First-past-the-post tends to reduce the number of political parties to a greater extent than most other methods, thus making it more likely that a single party will hold a majority of legislative seats. (In the [[United Kingdom]], 18 out of 22 General Elections since 1922 have produced a majority government.) Single party rule enables quicker decision-making with less back and forth negotiation.
Multi-party coalitions, on the other hand, require consent among all coalition partners to pass legislation, which gives small parties a disproportionate amount of power. In the UK, arguments for plurality often look to [[Politics of Italy|Italy]] where the frequent government changeovers are presented as undesirable. (This problem could be solved with [[separation of powers]], in which the entire government didn't have to turn over just because it lost a vote.)
FPTP's tendency toward fewer parties and more frequent one-party rule can also produce disadvantages. One such disadvantage is that the government may not consider as wide a range of perspectives and concerns. It is entirely possible that a voter will find that all major parties agree on a particular issue. In this case, the voter will not have any meaningful way of expressing a dissenting opinion through his or her vote.
As fewer choices are offered to the voters, voters may vote for a candidate with whom they largely disagree so as to oppose a candidate with whom they disagree even more (See tactical voting above). The downside of this is that candidates will less closely reflect the viewpoints of those who vote for them.
It may also be argued that one-party rule is more likely to lead to radical changes in government policy that are only favoured by a plurality or bare majority of the voters, whereas multi-party systems usually require greater consensus in order to make dramatic changes.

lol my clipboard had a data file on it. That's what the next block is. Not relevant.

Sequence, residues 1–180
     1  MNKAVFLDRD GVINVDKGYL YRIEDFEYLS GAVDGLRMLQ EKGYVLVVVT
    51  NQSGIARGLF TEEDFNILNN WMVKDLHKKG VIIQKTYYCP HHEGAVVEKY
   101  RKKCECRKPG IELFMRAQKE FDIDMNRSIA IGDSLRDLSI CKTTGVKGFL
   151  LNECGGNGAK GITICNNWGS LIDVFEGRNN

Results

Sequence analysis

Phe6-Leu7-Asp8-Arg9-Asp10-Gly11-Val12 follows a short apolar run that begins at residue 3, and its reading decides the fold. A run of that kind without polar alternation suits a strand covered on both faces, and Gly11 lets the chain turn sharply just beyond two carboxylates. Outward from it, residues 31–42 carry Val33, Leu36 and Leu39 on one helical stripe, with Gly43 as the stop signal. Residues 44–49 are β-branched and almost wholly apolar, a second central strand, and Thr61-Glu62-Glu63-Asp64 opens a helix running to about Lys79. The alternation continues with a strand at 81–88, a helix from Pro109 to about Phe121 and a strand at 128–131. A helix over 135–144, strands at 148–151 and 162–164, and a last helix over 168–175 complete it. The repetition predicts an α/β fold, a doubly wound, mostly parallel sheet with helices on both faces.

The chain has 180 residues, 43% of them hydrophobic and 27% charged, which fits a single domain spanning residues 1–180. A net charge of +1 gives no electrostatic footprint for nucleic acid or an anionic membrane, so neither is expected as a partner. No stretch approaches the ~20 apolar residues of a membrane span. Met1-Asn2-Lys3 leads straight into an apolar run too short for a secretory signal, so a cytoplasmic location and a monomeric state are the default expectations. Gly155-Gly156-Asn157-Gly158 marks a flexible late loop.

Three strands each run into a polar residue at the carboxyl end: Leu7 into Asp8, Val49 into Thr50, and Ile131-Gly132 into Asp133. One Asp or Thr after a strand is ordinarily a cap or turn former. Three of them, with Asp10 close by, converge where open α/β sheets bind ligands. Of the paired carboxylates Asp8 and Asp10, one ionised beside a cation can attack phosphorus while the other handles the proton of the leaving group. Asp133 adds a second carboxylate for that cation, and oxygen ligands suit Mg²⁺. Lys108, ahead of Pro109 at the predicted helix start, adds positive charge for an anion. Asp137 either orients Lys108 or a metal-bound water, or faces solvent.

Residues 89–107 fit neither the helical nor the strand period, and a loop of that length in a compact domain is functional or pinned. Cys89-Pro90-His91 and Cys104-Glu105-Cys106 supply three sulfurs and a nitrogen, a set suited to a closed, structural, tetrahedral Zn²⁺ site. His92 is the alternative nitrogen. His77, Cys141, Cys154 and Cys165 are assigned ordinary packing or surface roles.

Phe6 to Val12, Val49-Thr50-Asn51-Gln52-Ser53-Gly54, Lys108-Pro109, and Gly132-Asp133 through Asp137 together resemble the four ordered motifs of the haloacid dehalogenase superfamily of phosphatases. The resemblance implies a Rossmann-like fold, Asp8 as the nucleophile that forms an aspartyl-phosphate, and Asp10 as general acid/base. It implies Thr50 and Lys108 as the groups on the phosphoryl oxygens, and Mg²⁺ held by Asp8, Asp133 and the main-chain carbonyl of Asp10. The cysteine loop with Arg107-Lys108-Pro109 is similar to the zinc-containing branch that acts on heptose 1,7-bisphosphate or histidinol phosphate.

===Wasted votes===
{{Unreferenced section|date=June 2007}}
[[Wasted vote]]s are votes cast for losing candidates or votes cast for winning candidates in excess of the number required for victory. For example, in the [[UK General Election of 2005]], 52% of votes were cast for losing candidates and 18% were excess votes - a total of 70% wasted votes. This is perhaps the most fundamental criticism of FPTP, that a large majority of votes may play no part in determining the outcome. Alternative electoral systems attempt to ensure that almost all votes are effective in influencing the result and the number of wasted votes is consequently minimised.
===Manipulation charges===
The presence of [[spoiler (politician)|spoiler]]s often gives rise to suspicions that [[strategic nomination|manipulation of the slate]] has taken place. The spoiler may have received incentives to run. A spoiler may also drop out at the last moment, inducing charges that such an act was intended from the beginning.
===Disproportionate influence of smaller parties===
Smaller parties can disproportionately change the outcome of an FPTP election by swinging what is called the 50-50% balance of two party systems, by creating a [[political faction|faction]] within one or both ends of the [[political spectrum]] which shifts the winner of the election from an [[absolute majority]] outcome to a [[simple majority]] outcome favouring the previously less favoured party. In comparison, for electoral systems using [[proportional representation]] small groups win only their proportional share of representation. In the [[United States]], this mechanism falls within one major reasoning (USA, Voting act, 1970s) favoring two-party, First-past-the-post (FPTP) electoral systems.
===Other aspectsphiếu lãng phí===
[[Lá phiếu lãng phí]] là những phiếu bầu cho những ứng viên thua hay cho những ứng viên thắng nhưng vượt quá ngưỡng cần thiết.
See [[single-winner voting systems]] for other disadvantages commonly associated with plurality, such as diminished representation, sweepout and other skewed results, and "safe seats".
===Việc ảnh hưởng bất tương xứng cảu các đảng nhỏ ===
Các đảng nhỏ có thể thay đổi một cách không tỉ lệ đến kết quả của cuộc bầu cử theo dạng này bằng cách tạo ra bè phái chính trị. Nhất là khi có hai đảng đang cân bằng nhau, nếu các đảng nhỏ này tham gia vào một bên sẽ tạo lợi thế cho đảng trước đó ít được ưa chuộng hơn. So sánh với [[đại diện tỷ lệ]], các đảng nhỏ này chỉ đơn giản là giành được tỉ lệ phần trăm họ thắng mà thôi.
===Issues specific to particular countries===
====Solomon Islands====